Villanova Technology

Earning The Right To Technology At Villanova

Incoming freshman student-athletes are be some of the most technologically advanced individuals ever to play the game. They are incredibly accepting of new technology, and it’s no wonder. These students have never lived a day in which Google did not exist. To them, advanced technology is as commonplace as newspapers or television.

“These student-athletes are extremely savvy and they are accepting of new technology right away,” says Jake Cox, former head football strength and conditioning coach at Villanova. Cox used Polar technology at Villanova to track and assess his student-athletes, and he says he expects this of his incoming athletes. Today, Cox is Associate Director of Athletic Performance for Football at Baylor University.

“It’s easier to get student-athletes to use new technology now than at any other time in collegiate history, and it’s pretty powerful,” he says.

One method Cox used was to ask student-athletes to wear a smart, wearable wristband that tracks activity data at five intensity levels. It also tracks the wearer’s sleep patterns, which help Cox understand how prepared his athletes are for practice.

“When we were doing that with our guys, it was really positive,” he says. “My staff liked it too; it is valuable data.”

At the same time, Cox holds some of the best technology back from his athletes in an effort to positively reinforce their behavior. He calls this approach “earned use.”

“When you come to Villanova, you’re lucky to get into the weight room and perform the warm-up properly,” he says. “After you can do that, you have to be strong in order to use some of our other technology tools. Plus, you have to be coachable.”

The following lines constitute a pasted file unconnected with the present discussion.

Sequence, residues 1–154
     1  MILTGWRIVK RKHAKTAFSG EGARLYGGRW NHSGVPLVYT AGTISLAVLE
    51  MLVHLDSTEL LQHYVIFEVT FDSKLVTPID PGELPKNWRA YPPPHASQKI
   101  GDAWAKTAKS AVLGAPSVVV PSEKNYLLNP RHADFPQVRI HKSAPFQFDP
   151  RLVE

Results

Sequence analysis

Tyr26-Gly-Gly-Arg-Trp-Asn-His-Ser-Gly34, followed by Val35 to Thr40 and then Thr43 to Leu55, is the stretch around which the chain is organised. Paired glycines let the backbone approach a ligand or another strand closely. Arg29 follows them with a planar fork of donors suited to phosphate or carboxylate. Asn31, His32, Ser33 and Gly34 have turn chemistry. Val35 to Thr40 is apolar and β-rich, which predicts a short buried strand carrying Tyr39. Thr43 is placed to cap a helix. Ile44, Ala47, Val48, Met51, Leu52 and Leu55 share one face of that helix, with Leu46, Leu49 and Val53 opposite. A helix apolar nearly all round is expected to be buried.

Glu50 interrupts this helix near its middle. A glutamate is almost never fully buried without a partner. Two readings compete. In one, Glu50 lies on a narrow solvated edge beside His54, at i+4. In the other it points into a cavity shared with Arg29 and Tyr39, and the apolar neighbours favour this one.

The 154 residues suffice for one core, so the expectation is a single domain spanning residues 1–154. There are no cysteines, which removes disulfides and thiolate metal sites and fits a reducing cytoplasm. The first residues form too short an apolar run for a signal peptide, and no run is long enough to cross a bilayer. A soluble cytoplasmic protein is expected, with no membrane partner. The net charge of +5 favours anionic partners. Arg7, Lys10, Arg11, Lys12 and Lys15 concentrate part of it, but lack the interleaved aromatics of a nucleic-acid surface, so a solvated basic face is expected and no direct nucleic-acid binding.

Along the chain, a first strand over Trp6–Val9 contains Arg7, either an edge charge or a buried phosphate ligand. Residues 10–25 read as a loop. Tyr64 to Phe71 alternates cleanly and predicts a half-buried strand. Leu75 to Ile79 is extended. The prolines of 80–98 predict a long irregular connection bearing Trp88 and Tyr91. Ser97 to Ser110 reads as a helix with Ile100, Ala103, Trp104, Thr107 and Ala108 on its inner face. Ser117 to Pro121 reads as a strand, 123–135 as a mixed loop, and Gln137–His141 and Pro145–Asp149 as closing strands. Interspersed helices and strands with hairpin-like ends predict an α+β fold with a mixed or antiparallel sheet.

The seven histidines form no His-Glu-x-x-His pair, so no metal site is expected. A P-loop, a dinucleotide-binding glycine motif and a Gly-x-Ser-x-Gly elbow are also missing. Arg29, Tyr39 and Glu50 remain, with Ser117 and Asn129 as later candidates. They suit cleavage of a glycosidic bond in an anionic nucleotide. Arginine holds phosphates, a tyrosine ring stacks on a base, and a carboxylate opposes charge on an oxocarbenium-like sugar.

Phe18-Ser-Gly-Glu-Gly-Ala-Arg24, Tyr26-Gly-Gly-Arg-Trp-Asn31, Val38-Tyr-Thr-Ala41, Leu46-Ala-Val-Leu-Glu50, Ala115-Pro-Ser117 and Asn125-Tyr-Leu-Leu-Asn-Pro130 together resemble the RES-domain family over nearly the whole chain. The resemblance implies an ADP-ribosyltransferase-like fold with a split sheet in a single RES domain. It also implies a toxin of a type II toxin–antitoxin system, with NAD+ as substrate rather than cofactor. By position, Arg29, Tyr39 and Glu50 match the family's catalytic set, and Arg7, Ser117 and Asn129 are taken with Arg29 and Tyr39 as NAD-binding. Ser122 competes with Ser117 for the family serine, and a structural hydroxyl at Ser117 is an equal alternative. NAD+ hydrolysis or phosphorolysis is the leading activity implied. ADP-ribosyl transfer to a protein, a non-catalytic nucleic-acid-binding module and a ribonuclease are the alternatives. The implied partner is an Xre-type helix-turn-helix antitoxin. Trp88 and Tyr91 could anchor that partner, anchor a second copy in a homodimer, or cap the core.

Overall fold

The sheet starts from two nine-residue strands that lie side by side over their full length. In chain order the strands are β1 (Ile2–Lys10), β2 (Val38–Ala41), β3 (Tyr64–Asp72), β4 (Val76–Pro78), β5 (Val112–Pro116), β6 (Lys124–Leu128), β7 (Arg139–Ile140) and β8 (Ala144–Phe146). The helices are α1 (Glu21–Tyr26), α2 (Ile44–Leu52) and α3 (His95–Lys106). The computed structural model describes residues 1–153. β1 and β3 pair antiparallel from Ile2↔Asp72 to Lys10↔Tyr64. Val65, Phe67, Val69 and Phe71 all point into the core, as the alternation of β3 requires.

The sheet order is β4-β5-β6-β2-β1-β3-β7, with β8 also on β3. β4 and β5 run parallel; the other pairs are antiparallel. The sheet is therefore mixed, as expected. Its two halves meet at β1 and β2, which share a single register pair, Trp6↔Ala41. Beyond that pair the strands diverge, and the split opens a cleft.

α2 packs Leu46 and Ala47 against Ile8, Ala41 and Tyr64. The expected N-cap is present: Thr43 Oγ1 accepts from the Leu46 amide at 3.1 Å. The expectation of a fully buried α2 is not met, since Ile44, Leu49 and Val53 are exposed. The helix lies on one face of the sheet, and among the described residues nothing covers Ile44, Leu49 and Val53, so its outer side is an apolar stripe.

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When his athletes see that only the top guys, who have proven themselves, are the ones who get to utilize some of the most unique and interesting technology, it encourages them to focus and perform better.

“When they see our best athletes getting the cool gadgets and their choice of supplements instead of just chocolate milk, it made our athletes want to do better,” he says. “Providing any of our athletes – especially during the 3 to 5 years we had them here at Villanova – with constant incentives to show up and give good effort is a good thing. They want to be a part of that.”

Cox keeps it simple for his athletes as well; he’s not weighing them down with a bunch of directions and protocols.

“It’s important to keep technology simple for everyone. I just say, ‘Here’s a bracelet. Wear it. Now sync it to your phone,’” says Cox. Athletes of another generation may not be so willing to accept that tech on their wrist without hesitation. “I give them a charger and tell them to keep it charged, and sync it once a day. Then I just log in and look at the data.”

This article was written by Paul Markgraff, managing editor of AFCA Magazine and AFCA Insider.

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